The Botteri's Sparrow and exotic Arizona grasslands: an ecological trap or habitat regained?/Aimophia botterii y los pastizales exoticos de Arizona: ?una trampa ecologica o la conquista de nuevo habitat?

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Date: Nov. 2005
From: The Condor(Vol. 107, Issue 4)
Publisher: Cooper Ornithological Society
Document Type: Author abstract
Length: 548 words

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Abstract :

The Botteri's Sparrow (Aimophila botterii) is a bird of tall grasslands that temporarily disappeared from Arizona following heavy livestock grazing in the 1890s. Its return was noted first in sacaton (Sporobolus wrightii), an uncommon native floodplain tallgrass often 2 m in height, and subsequently in stands of exotic lovegrasses (Eragrostis spp.) spreading into adjacent uplands that otherwise supported shorter native grasslands. We examined whether the exotic grasslands provided suitable breeding habitat for Botteri's Sparrows, compared to native grasslands. We counted birds for three years on 18 plots, monitored 314 nests on 323 home ranges, banded 583 birds, and measured vegetation on plots and home ranges, and at nests and fledgling locations. Abundance and site fidelity were positively associated with grass height and cover, being greatest in sacaton, intermediate in exotics, and lowest in native upland grasslands. The three habitats did not differ in young fledged per capita. Vegetation cover on Botteri's Sparrow home ranges did not differ from the surrounding available habitat, but locations of flightless recently fledged young included taller and more dense vegetation than either nest sites of random locations, especially in sparsely vegetated native grasslands. These results suggest that fledglings required substantial cover to avoid predation while they completed development. Far from being an ecological trap, the exotic lovegrasses apparently are providing essential cover for the Botteri's Sparrow in Arizona, perhaps allowing it to regain an abundance similar to what existed regionally prior to overgrazing of the late 19th Century. Key words: Botteri's Sparrow, ecological trap, exotic grasses, habitat quality, habitat structure, livestock grazing, reproductive success. Aimophia botterii es un ave que desaparecio temporalmente de Arizona debido al pastoreo intensivo en la decada de 1890. El ave retorno a Arizona primero a pastizales de hierbas nativas de Sporobolus wrightii, una especie poco comun de mas de 2 m de altura de las planicies inundables, y posteriormente a pastizales exoticos de Eragrostis spp que se expandian a tierras altas adyacentes que de otro modo presentaban pastizales nativos cortos. En este estudio examinamos la calidad del habitat de los pastizales de hierbas nativas y exoticas para la reproduccion y alimentacion de A. botterii. Censamos la abundancia de A. botterii en 18 parcelas de estudio durante tres anos, monitoreamos el exito de 314 nidos en 323 territorios, anillamos 583 individuos, y estudiamos la vegetacion de los territorios y de las localidades de anidacion. La abundancia y la fidelidad de territorio en A. botterii estuvieron positivamente correlacionadas a la altura del pasto y a la cobertura del terreno, siendo mas alta la correlacion en S. wrightii, intermedia en Eragrostis spp. y baja en pastizales nativos. Sin embargo, los tres tipos de habitat no difirieron en la produccion per capita de polluelos. No encontramos diferencias entre la vegetacion en los lugares de anidacion y las areas circundantes. Los polluelos volantones prefirieron lugares de pasto mas alto y denso que el de las areas de anidacion, especialmente en los ambientes de pasto nativo. Estos resultados sugieren que los polluelos volantones requieren buena cobertura vegetal para protegerse de los depredadores mientras completan su desarrollo. Lejos de ser una "trampa ecologica", las hierbas exoticas actualmente proveen un habitat esencial para A. botterii en Arizona y quizas han ayudado a que la especie vuelva a alcanzar los niveles de abundancia anteriores al siglo XIX.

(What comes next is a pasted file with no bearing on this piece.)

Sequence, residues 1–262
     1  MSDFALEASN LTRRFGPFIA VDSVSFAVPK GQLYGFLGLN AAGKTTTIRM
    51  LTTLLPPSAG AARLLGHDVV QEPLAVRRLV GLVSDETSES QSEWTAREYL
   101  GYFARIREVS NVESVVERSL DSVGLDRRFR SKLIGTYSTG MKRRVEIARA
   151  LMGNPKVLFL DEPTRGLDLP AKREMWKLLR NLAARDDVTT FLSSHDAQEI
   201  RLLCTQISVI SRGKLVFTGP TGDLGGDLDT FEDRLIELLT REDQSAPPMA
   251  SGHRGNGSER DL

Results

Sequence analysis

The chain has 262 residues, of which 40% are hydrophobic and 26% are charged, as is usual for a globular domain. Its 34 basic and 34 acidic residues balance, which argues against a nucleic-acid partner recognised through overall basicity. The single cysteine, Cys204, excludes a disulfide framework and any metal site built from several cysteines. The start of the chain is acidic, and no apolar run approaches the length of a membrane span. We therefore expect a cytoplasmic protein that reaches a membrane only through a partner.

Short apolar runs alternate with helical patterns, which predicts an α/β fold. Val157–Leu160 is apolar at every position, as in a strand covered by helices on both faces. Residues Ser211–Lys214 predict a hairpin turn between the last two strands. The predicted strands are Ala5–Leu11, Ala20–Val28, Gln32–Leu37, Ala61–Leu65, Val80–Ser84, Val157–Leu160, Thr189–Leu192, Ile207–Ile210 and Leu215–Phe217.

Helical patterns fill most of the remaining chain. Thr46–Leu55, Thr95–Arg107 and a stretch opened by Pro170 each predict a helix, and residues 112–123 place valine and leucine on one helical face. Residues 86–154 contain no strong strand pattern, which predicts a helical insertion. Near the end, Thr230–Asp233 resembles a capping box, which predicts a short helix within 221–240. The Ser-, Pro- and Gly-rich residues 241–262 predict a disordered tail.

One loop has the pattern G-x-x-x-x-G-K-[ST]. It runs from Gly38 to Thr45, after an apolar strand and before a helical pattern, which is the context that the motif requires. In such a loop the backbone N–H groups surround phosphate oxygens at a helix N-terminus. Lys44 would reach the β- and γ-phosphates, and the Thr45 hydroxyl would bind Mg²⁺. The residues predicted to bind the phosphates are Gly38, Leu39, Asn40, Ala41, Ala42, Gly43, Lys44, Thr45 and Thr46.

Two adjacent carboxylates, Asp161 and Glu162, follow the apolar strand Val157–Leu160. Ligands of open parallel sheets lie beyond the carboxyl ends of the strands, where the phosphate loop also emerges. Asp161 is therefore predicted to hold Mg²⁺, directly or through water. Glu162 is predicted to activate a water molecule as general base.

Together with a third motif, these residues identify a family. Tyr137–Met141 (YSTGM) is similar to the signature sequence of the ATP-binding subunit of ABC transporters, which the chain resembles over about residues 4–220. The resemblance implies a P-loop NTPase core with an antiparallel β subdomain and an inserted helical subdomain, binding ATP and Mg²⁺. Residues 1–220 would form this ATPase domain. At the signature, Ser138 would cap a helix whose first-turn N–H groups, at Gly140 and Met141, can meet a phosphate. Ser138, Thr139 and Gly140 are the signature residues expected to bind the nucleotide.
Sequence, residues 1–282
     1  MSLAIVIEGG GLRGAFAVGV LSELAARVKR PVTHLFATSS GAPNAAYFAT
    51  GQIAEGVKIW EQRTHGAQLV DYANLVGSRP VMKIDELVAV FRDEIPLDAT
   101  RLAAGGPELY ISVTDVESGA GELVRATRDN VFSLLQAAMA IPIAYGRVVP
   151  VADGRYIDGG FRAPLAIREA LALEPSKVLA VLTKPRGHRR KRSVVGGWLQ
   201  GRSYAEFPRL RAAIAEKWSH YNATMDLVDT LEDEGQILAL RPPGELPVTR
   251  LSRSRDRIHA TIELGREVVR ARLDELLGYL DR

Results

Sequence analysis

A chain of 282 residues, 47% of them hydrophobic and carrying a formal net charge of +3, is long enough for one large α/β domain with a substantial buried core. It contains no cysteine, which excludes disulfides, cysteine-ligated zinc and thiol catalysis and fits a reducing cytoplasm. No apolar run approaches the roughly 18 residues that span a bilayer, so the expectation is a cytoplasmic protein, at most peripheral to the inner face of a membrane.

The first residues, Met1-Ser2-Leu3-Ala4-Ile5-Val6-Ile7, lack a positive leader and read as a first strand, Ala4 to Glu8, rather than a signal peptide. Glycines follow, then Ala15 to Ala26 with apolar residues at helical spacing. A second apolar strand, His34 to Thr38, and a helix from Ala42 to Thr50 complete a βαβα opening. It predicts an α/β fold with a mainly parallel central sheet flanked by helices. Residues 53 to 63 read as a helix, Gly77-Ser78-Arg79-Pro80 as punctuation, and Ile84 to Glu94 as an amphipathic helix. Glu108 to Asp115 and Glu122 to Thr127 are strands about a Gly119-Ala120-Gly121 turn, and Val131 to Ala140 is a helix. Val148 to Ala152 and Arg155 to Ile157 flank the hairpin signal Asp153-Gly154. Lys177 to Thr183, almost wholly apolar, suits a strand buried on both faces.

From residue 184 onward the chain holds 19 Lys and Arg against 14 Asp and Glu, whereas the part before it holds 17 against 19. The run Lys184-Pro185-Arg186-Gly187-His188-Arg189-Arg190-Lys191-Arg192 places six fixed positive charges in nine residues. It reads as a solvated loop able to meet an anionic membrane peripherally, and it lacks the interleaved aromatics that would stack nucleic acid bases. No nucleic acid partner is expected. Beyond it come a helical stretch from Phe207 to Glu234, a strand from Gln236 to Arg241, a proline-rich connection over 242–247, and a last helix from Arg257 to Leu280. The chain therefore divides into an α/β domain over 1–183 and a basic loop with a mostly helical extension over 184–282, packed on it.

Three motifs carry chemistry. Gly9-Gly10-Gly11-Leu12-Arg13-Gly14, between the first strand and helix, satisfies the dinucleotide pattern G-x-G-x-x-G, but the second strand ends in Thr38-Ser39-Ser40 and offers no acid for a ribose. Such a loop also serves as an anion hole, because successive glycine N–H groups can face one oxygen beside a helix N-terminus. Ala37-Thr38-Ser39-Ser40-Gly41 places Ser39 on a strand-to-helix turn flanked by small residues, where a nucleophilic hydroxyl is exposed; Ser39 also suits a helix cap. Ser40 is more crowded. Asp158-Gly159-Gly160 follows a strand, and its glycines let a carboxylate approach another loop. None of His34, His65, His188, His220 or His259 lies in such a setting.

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Gale Document Number: GALE|A139345052